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What Color LED Lites?


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7 replies to this topic

#1 moodier

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Posted 23 January 2014 - 10:37 PM

I purchased some LEDs but do not know what color they are and do not like the light they give. I know there are several colors for these and  I think heard that the warm white is the most pleasant.The ones I have work but give what I would call a cold lite. Especially want to replace the reading lites. Presently they are of the single element base-- look like a  single element auto bulb but large lite .All the lites in this Itasca coach seem to be this single element type lites with just 2 of these bulbs in the central lites none are the tube types all just bulbs!

 

Wondering what color to get and for the reading lites what power to order!

 

Thanks


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#2 BillAdams

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Posted 23 January 2014 - 11:04 PM

The ones I use are listed as warm white and offer a very similar color to an incandescent or halogen light which I like very much.  There is a kelvin scale which rates the colors of white.  If you are able to get that information you should be able to find the light you prefer.


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Bill

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#3 desertdeals69

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Posted 24 January 2014 - 04:04 PM

Warm color is around 2700K and pure white is around 6000K.


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#4 MadHungarian

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Posted 26 January 2014 - 10:22 AM

I bought some of the "cool white" LED's on EBay. They are plenty bright, and I like the fact that they don't pull a lot of power from the coach battery. All the lights in these older coaches are designed to use an 1156 automotive bulb, and these bulbs went right in with no problem. Funny thing is, I have a couple of lights over the rear bunk that the LED's won't work in, but if you swap back in an 1156 they light right up. Wierd!! :huh:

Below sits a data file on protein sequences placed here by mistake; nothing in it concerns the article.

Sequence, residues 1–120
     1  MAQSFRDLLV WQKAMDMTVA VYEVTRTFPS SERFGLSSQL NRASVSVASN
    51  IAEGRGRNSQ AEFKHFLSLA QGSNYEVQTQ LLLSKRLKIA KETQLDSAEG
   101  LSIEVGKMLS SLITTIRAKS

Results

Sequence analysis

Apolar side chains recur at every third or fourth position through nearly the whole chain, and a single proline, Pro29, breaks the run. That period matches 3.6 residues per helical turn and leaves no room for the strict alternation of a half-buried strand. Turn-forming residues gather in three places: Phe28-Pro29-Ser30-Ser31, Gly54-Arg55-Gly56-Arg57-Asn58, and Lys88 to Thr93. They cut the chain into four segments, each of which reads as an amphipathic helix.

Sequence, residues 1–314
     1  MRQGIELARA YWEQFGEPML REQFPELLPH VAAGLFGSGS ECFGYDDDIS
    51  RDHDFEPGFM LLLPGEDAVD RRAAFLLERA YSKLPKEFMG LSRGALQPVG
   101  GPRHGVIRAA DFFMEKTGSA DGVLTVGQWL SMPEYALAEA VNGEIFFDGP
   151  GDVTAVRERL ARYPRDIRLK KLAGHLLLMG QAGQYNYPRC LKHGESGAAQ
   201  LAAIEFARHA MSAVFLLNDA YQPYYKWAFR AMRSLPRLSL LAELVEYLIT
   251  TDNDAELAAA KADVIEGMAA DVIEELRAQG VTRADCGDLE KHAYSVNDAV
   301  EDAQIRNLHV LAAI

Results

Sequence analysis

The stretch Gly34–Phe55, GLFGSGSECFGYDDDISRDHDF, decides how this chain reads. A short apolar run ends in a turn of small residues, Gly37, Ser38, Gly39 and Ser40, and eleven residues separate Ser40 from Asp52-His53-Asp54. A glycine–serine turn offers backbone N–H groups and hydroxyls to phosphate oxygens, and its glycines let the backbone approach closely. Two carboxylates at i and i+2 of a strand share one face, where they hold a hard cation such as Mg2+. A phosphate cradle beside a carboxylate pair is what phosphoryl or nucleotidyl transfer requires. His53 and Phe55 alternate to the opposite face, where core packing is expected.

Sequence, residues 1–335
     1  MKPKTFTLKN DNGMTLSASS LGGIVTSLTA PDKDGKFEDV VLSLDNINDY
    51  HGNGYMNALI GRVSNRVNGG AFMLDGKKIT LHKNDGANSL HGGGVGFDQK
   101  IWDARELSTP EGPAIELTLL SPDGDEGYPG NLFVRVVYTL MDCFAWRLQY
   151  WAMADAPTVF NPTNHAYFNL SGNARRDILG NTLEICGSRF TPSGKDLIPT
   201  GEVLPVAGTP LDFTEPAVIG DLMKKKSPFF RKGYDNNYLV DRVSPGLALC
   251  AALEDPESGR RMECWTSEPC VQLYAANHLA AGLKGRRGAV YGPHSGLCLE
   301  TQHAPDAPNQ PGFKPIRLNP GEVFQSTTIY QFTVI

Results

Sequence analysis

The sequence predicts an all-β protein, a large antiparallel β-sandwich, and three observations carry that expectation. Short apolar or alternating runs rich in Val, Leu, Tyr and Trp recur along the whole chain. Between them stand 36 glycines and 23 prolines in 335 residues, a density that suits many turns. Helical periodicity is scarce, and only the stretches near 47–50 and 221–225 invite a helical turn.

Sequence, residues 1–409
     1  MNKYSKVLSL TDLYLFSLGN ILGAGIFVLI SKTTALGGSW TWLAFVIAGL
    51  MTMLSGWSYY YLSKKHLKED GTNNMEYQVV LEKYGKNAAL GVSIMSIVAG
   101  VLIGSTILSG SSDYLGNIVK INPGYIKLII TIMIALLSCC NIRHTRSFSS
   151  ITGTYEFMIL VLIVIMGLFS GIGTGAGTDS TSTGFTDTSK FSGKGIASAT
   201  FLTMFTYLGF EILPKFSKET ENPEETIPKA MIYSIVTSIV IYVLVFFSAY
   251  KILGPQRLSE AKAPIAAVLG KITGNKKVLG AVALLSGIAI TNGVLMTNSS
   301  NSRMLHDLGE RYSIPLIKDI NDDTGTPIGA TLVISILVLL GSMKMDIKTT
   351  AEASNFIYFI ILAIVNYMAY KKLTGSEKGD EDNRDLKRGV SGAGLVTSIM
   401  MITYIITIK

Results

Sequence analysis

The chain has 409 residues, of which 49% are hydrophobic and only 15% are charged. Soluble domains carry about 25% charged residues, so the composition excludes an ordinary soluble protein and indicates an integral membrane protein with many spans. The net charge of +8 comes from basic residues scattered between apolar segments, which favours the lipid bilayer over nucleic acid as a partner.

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#5 desertdeals69

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Posted 26 January 2014 - 10:31 AM

Check polarity, leds won't work if wired backwards.


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#6 HamRadioHFMobile

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Posted 27 January 2014 - 09:42 PM

Good morning; 

 

 DesertDeals69 is right.  The name "Light Emitting Diode" does imply that there is a forward biased and reversed polarity possible with the devices.  Yes, if the socket is wired "backwards" (and many of them will have two wires coming off the metal base that are to be attached to the source of the electrical power), then the LED light assembly will not work.  Normally the center contact in the bayonet base will be wired to the positive or "plus" side of the battery or DC power source. 

 

 And, if you are wondering about the "color" of your LED lights, see if one of your friends who is a serious photographer (not necessarily just a "professional") has a light "color temperature" meter that he can aim at your lights and read out the "color temperature" in degrees Kelvin.  As mentioned also by DesertDeals69, the "color temperature" should be around 2700º K. or so.  

 

  Enjoy; 

 

  Ralph 

  Latte Land, Washington 


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#7 macandphyl

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Posted 27 January 2014 - 10:35 PM

The color is expressed as Kelvin, and the "temperature" of 2700 to 3000 is what you are used to with incandescent lights.

 

Most folks will find higher color temperatures to be unpleasant, especially above 4000 K.

 

There are many resources on this, check out Wikipedia for good info on the topic.


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#8 MadHungarian

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Posted 28 January 2014 - 09:58 PM

Check polarity, leds won't work if wired backwards.

 

Good morning; 

 

 DesertDeals69 is right.  The name "Light Emitting Diode" does imply that there is a forward biased and reversed polarity possible with the devices.  Yes, if the socket is wired "backwards" (and many of them will have two wires coming off the metal base that are to be attached to the source of the electrical power), then the LED light assembly will not work.  Normally the center contact in the bayonet base will be wired to the positive or "plus" side of the battery or DC power source. 

 

 

 

You know, I hadn't even thought of that, and you are both correct!! I'll have to check the wiring on those two units and see what's up.....  ;)


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